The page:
Pennsylvania prosecutor, wife charged with abusing adopted Ethiopian kids
Douglas Barbour, 33, and Kristen Barbour, 30, face charges of aggravated assault stemming from their daughter's treatment and endangering the welfare of children related to both the girl and boy.
THE ASSOCIATED PRESS
PITTSBURGH — A Pennsylvania prosecutor and his wife severely mistreated their adopted Ethiopian children — their 6-year-old boy who a doctor found malnourished and had skin lesions and an 18-month-old girl who had signs of multiple skull fractures, county police said.
Deputy Attorney General Douglas Barbour, who works out of the Pittsburgh office, and his wife, Kristen, were arraigned Friday on charges stemming from the treatment of their children. The Franklin Park couple are scheduled for an Oct. 9 preliminary hearing.
Allegheny County police said they began an investigation after the children saw a doctor Sept. 14 and the boy was admitted to the hospital. A doctor since then has recommended that the children have no contact with their parents, particularly the girl who the doctor said could be injured again or die if she remains with the Barbours, according to court documents.
Douglas Barbour, 33, and Kristen Barbour, 30, face charges of aggravated assault stemming from their daughter's treatment and endangering the welfare of children related to both the girl and boy. Douglas Barbour also faces a simple assault charge related to his son's condition.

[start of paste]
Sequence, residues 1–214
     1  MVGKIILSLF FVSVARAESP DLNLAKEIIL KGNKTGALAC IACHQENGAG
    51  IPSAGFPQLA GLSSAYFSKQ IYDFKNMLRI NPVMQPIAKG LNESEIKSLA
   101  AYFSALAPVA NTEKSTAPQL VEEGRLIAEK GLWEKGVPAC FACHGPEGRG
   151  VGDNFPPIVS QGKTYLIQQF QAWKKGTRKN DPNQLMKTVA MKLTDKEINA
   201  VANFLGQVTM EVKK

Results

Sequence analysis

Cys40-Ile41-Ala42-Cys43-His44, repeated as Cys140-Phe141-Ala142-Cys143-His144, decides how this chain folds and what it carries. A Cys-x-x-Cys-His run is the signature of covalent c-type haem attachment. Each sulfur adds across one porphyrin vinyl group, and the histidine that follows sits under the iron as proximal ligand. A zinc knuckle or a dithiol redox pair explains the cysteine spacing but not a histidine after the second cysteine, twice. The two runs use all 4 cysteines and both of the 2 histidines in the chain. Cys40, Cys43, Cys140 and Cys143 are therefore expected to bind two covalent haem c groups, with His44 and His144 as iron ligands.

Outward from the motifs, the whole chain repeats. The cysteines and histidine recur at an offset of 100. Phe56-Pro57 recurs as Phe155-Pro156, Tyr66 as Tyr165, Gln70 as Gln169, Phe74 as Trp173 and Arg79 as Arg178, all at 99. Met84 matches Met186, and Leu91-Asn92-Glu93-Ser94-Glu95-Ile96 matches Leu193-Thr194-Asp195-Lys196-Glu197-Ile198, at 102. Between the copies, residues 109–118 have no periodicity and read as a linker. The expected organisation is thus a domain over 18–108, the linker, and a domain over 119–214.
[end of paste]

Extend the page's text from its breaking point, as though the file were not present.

Chris Capozzi, a lawyer representing the Barbours, declined comment when the arrests were announced Thursday. He did not immediately return a call from The Associated Press on Friday after details emerged from court documents following the couple's arraignment.
Both children, whose names were not released, went to Children's Hospital of Pittsburgh on Sept. 14 after the boy was taken to an urgent care center for hypothermia, rapid breathing and skin lesions, which a doctor later determined were caused by lengthy exposure to urine, court documents say. The boy was admitted to the hospital.
The girl was having difficulty breathing and her eyes were rolling back in her head; Dr. Rachel Berger found the toddler had multiple head fractures in various stages of healing, the documents say. Kristen Barbour allegedly told doctors the toddler often banged her head accidentally, but Berger said the child's injuries were consistent with abuse.
She recommended to police that the children have no contact with their parents, particularly the girl who Berger said would likely be injured again or die if she continued to live with them.
The boy weighed 47 pounds when he came to the U.S. from Ethiopia in March but 37.5 pounds when he was admitted to the hospital, police said. He gained nearly seven pounds during a six-day hospital stay, Berger told police.
When Douglas Barbour was told his son's body temperature was 93.6 degrees, he reportedly asked: "Would that be from being in the bathroom, cold, wet and naked for an hour?"
Officials who questioned the boy were told he was forced to eat his meals in the bathroom or sometimes stand there in the dark if he soiled his pants.
Attorney General Linda Kelly said Douglas Barbour has been suspended without pay.
"Our thoughts are with the children, and the Office of Attorney General will cooperate fully with this investigation," Kelly said.
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